P0447 – Evaporative emission (EVAP) system, vent control -open circuit
Last Updated 2016-08-15
ASE Master Tech
|Code||Fault Location||Probable Cause|
|P0447|| Evaporative emission (EVAP) system, vent control -open circuit |
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|Wiring open circuit, EVAP canister purge valve, ECM|
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Table of Contents
- What Does Code P0447 Mean?
- What are the common causes of code P0447 ?
- What are the symptoms of code P0447 ?
- How do you troubleshoot code P0447 ?
- Codes Related to P0447
- Get Help with P0447
What Does Code P0447 Mean?
Fuel volatility is an aspect of fuel with advantages and disadvantages. On the plus side, the better a fuel vaporizes the better it burns, which is why we burn gasoline and diesel in our vehicles instead of, say, wood or coal (though these can be used with sufficient processing). On the negative side, however, fuel vapors have been found to be harmful to the atmosphere and human health, so controlling those vapors is particularly important. The evaporative emissions control system, typically referred to simply as the “EVAP” system, has been designed to prevent fuel vapors from escaping into the atmosphere. The EVAP system is essentially a network of tubing and valves designed to store and release fuel vapors at the right time without permitting them to get into the atmosphere.
The EVAP system temporarily stores fuel vapors in an activated-charcoal canister until they can be burned. Under certain engine operating conditions, the EVAP system will open to the engine intake, and fuel vapors will be “purged” from the canister burn in the engine. The ECM (engine control module) uses pressure and voltage sensing and logical programming to control the EVAP system and to verify that it is sealing and venting when and where it should.
In the case of the purge cycle, the ECM opens the purge valve and the vent control valve to allow engine intake vacuum to pull fuel vapors into the engine to be burned. The vent valve needs to be open to allow fresh air to flush out the charcoal canister, “cleaning” it of stored fuel vapors and making it ready for another charge.
Part of the EVAP self-test includes voltage and resistance sensing. Some ECMs may also use logic sensing to determine if the vent control valve is working properly – if the vent control valve is closed, then opening the purge valve will generate a vacuum, for example. If the ECM attempts to activate the vent control solenoid but detects incorrect voltage feedback or incorrect vacuum or pressure feedback, it will lock out EVAP function, set a diagnostic trouble code (DTC), and illuminate the malfunction indicator lamp (MIL). DTC P0447 is defined as “Evaporative Emission (EVAP) Vent Control Open Circuit.”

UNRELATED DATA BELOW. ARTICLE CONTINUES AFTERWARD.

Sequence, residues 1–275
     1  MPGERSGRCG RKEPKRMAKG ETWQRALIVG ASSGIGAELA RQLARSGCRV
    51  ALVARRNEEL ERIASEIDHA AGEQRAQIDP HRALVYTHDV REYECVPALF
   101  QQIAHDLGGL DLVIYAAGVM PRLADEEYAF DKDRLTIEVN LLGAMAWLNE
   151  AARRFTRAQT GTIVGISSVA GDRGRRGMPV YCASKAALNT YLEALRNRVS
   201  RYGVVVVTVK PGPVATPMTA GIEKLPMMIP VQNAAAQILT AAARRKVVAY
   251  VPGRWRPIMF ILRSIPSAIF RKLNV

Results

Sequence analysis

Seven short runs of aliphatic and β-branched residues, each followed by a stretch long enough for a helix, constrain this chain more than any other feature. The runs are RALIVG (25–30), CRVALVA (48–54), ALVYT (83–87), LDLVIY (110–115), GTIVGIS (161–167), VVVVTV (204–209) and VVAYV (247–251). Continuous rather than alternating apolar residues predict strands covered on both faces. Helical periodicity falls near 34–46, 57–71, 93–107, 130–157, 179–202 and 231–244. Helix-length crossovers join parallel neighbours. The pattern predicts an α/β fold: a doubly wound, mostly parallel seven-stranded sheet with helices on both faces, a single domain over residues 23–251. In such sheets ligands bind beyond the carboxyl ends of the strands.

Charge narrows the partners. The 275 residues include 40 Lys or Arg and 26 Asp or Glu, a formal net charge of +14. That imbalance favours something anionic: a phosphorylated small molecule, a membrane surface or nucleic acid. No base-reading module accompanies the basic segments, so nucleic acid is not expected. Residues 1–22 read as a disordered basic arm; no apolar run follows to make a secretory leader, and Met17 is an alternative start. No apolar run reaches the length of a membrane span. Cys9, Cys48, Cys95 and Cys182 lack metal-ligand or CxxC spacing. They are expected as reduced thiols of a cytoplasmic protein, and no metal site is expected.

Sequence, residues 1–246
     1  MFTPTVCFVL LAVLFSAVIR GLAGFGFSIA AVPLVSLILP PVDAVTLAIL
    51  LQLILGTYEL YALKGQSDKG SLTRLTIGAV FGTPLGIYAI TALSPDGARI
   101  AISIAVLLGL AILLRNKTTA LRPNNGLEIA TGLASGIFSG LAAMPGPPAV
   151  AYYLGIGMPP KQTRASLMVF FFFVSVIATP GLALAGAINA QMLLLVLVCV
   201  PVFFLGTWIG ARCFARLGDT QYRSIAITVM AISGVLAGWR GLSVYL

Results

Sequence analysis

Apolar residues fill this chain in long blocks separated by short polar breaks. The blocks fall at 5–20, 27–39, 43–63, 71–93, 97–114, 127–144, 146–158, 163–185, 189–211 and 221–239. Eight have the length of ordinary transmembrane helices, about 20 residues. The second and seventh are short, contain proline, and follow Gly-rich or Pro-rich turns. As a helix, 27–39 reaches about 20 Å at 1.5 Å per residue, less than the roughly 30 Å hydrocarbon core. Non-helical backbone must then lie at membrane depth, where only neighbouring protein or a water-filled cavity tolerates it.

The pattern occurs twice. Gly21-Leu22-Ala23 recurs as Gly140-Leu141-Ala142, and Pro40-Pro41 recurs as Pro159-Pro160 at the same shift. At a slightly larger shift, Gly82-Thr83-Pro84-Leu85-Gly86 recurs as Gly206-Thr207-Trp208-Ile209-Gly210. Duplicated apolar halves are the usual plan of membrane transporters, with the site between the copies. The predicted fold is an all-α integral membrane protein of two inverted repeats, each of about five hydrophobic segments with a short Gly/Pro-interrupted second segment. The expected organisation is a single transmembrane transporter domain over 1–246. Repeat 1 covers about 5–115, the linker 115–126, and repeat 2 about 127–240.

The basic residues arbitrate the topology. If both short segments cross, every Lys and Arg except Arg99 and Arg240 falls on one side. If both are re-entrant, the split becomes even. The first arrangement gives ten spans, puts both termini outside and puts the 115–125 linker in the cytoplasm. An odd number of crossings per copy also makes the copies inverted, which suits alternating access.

What are the common causes of code P0447 ?
Depending on year, make, and model, DTC P0447 may have number of causes. Here are some of the most common.
Loose Gas Cap or Refueling While Running – This is, by far, the most common problem encountered by the EVAP system. During refueling, the engine should not be running. The key can be in the OFF or ACC positions, but should not be in the ON or RUN positions. When refueling is completed, the gas cap should be reinstalled and torqued properly. Usually, this requires one or three clicks for proper sealing.
- Improper Gas Cap – Some aftermarket gas caps may physically fit, but may be incorrectly vented for your particular vehicle, which may also cause the MIL to illuminate and EVAP system DTCs to be stored. In this case, a new OEM (original equipment manufacturer) gas cap will solve the problem.
- Old Gas Cap or Other Damage – Poor sealing anywhere in the EVAP system can cause problems with EVAP function and monitoring. Be sure to check tubes, hoses, gas cap gasket, fuel fill tube, and charcoal canister for damage or cracks.
- General Motors – A number of TSBs (technical service bulletins) have been released addressing issues with clogged EVAP vents, usually vehicles operated in dusty and dirty environments. Relocating the vent hose to a cleaner or more protected location generally fixes the problem, though you may be able to get away with cleaning it yourself.
- Spiders – It seems that certain arachnids have a penchant for fuel vapors, even the few that escape the canister vent control valve. Building their nests in the vent line blocks the flow, some of them so bad that they cause EVAP DTCs to be set, including P0447, and some so bad that they’ve caused canisters and fuel tanks to crack. Mazda vehicles are notorious for this, resulting in multiple recalls and TSBs, but other vehicles have been found to suffer similar problems, such those made by Honda / Acura and Hyundai / Kia – all vehicles should be suspect, really.
What are the symptoms of code P0447 ?